Plastic Classicism

Plastic Meets Instagram at Anthony White’s Exhibition

The Greg Kucera Gallery show finds the young artist in elated conversation with art history.

By Stefan Milne December 18, 2018 Published in the January/February 2019 issue of Seattle Met

Anthony White in his Central District studio.

Image: Amber Fouts

From across the gallery, you notice a glut of color—beige, pink, orange, black. Approach and objects emerge: a Mary prayer candle; a bottle of Drano; pink, rhinestone-encrusted Gucci glasses; a Razor phone; a Royal Pine air freshener; a Jolly Rancher; an AmEx gold card; a safety razor. Then textural details: the blood smudging that safety razor, its handle jutting from an ornate tea cup. Get closer. The surface appears corrugated, like beadwork or gleaming embroidery.

The Recipe, a 34-by-48-inch panel by Anthony White, currently on display at Greg Kucera Gallery, will be in White’s January exhibition, Smoke and Mirrors.

White makes his “paintings” with a small machine, about the size and shape of an electric toothbrush. It feeds and heats strands of colored polylactic acid (PLA), a type of plastic. He compares the time-intensive process to using a tattoo gun. When he was 14 and living in Arizona, White became enamored of Kat Von D, a tattoo artist on reality TV show LA Ink. “My parents took me to her shop,” he says. “She was creating these super realistic portraits and had this amazing skill in filigree and script.” His parents gave him a tattoo machine when he was 15 and his aunt (“my young aunt”) let him make his first attempt on her ankle, tiny, shaky-lined icons—a heart, a star, a diamond. After that he practiced on his dad.

White came to Seattle in 2014, enrolled at Cornish College of the Arts, worked with steel, polyurethane, resin, plaster, until in late 2017 he discovered the plastic technique. Before his April 2018 BFA exhibition, he emailed Greg Kucera, who owns the eponymous Pioneer Square gallery, asking him to attend the show. White didn’t see him at the opening and shrugged it off. Kucera has been a mainstay in the Seattle art scene for over 40 years, after all, and White heard from friends that the gallery never signed artists right out of school.

Kucera caught the show later and was impressed and “sort of repelled by the paintings. Sometimes when that happens, you should pay attention, because it means something.”

He stuck around and his appreciation deepened. “You can’t separate [White] from Warhol or Lichtenstein and their pop sensibility,” he says. But he also saw echoes of vanitas (vanity) paintings, seventeenth-century Dutch still lifes that vaunted wealthy lifestyles, spreads of jewels and food—oysters, grapes, citrus, maybe a dead pheasant. Kucera pointed to White’s The Recipe: “This is simply a different generation.”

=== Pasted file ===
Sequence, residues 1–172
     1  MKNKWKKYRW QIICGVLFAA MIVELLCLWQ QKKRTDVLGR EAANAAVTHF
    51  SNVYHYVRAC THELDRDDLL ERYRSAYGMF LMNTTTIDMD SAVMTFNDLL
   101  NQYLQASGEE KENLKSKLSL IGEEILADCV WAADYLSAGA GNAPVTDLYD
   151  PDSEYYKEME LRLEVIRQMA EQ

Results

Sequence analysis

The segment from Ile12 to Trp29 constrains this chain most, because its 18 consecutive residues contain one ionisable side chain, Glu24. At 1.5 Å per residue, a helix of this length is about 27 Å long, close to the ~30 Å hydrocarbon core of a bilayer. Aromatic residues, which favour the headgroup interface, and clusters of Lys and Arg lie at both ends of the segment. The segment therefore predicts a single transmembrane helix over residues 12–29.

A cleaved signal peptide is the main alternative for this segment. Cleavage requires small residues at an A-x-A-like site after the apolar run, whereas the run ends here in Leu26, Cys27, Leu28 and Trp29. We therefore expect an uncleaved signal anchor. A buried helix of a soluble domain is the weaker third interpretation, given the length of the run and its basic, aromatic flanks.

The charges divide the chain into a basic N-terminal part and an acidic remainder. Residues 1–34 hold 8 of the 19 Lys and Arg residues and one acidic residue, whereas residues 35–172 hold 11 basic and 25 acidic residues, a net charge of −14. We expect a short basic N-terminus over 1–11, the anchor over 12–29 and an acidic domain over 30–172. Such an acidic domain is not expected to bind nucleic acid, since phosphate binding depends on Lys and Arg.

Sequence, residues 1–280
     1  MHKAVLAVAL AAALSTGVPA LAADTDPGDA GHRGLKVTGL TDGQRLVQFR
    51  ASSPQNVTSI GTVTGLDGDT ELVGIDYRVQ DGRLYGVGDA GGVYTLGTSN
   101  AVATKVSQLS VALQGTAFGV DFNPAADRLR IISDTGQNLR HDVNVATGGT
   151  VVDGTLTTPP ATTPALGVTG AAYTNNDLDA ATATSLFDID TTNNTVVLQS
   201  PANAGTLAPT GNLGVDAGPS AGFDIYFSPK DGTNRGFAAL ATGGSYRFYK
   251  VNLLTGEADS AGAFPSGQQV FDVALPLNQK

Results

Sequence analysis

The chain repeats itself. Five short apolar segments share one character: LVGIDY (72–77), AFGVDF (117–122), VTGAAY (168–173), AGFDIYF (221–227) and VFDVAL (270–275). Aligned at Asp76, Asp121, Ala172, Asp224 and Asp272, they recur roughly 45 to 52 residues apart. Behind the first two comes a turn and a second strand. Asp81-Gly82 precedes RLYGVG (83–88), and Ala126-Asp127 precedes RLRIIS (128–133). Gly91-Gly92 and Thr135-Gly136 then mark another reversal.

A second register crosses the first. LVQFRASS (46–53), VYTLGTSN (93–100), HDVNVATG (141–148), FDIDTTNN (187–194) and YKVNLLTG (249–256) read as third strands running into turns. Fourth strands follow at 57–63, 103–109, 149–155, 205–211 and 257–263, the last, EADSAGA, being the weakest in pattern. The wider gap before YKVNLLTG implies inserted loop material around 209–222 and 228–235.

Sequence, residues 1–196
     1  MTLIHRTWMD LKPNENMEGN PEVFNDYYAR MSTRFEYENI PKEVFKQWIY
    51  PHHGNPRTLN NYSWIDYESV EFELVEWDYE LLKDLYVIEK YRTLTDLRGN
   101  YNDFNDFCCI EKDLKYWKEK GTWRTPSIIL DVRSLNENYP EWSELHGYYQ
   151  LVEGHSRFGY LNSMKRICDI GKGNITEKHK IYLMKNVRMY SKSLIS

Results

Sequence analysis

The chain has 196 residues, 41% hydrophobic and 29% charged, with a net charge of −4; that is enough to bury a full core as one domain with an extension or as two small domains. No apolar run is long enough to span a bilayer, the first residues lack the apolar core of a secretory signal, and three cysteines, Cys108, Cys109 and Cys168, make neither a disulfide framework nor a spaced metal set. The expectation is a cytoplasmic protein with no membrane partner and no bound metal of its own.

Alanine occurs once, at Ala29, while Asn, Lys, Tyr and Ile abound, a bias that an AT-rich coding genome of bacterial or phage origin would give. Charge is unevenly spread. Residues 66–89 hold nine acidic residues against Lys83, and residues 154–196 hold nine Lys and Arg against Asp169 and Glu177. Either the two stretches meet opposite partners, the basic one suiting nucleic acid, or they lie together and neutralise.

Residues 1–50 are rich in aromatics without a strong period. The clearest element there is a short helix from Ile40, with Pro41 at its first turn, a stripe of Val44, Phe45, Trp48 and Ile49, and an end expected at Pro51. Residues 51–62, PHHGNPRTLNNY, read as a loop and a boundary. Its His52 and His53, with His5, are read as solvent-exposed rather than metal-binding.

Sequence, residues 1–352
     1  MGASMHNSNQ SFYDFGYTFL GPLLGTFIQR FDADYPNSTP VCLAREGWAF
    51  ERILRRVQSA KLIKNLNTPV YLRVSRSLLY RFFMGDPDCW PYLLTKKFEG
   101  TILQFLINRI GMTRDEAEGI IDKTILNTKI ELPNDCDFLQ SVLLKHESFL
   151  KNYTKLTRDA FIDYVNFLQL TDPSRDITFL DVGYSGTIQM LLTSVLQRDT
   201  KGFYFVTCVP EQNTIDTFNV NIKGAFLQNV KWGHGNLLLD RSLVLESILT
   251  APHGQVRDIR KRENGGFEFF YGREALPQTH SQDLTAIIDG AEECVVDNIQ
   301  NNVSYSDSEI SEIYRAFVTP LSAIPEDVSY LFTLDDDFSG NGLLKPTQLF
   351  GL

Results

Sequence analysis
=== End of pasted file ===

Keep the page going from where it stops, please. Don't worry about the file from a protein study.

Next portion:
White showed four works at Kucera’s booth at Seattle Art Fair. All sold. Ten days later, White posted on Instagram that he’d signed with the gallery. January’s exhibit is his first show there—one of 25 exhibitions he’s been involved with over the past year, including solo shows at the Factory and Glass Box and group popups he curates called While Supplies Last. In February he’ll mastermind a group show at Mount Analogue gallery called Ultralight Beams which will include Brandon Lipchik, Super Future Kid, and Trey Abdella. White calls the show’s dominant aesthetic “post-analog,” mass-produced imagery rendered with human hands. That’s unsurprising since technology is central to his own art. 

The Recipe, part of White’s still life series.

Vanitas painters frequently included symbols of mortality—candles, clocks, skulls. While White sneaks skulls into his still lifes (see a pair in the glasses lenses in The Recipe), his mortal objects skew technological. VHS tapes, CDs, antiquated phones, broken phones. Phones, in fact, are a sort of nexus in his work. They’re all over in the still lifes and in his selfie series, where he takes Instagram images, largely men posing in mirrors—young, shirtless, faces eclipsed by phones—and places them before filigreed wallpapers, in gilded frames. Often White then covers the mirror with what he calls “real life shit”: graffiti, stickers, a lipstick swipe. Kucera compares them to Kehinde Wiley’s paintings. Both artists give marginalized figures—through race, class, sexual orientation—the classical portrait treatment.

Yet in the meeting of subject (Instagram) and medium (plastic) White finds something his own. The selfie is a rebuttal against historical portraiture. If you have a phone, you can snap one, so elitism melts. But it’s also the portrait’s modern iteration. The impulse is the same: to be seen. And you can, with light and angle and filters as adulatory as a commissioned painter’s brush, control how you’re seen. “I find it really fun and important to highlight the people around me,” White says, “and do that with something super cheap and pretty.” Since one panel takes 100 hours or more to complete, he can refute that cheapness. He meets his subjects’ emotional reach (to display an ideal self) in raw work ethic, lifts them to the place the selfie yearns toward but can’t grasp.

The selfie is too easy, too cheap. The images erase themselves in ubiquity. Here though, on the walls of one of the more revered galleries in the city, wrought painstakingly in plastic, shining with human contradiction, White’s subjects can be truly seen.

► Smoke and Mirrors, Jan 3–Feb 16, Greg Kucera Gallery, free

► Ultralight Beams, Feb 7–28, Mount Analogue, free

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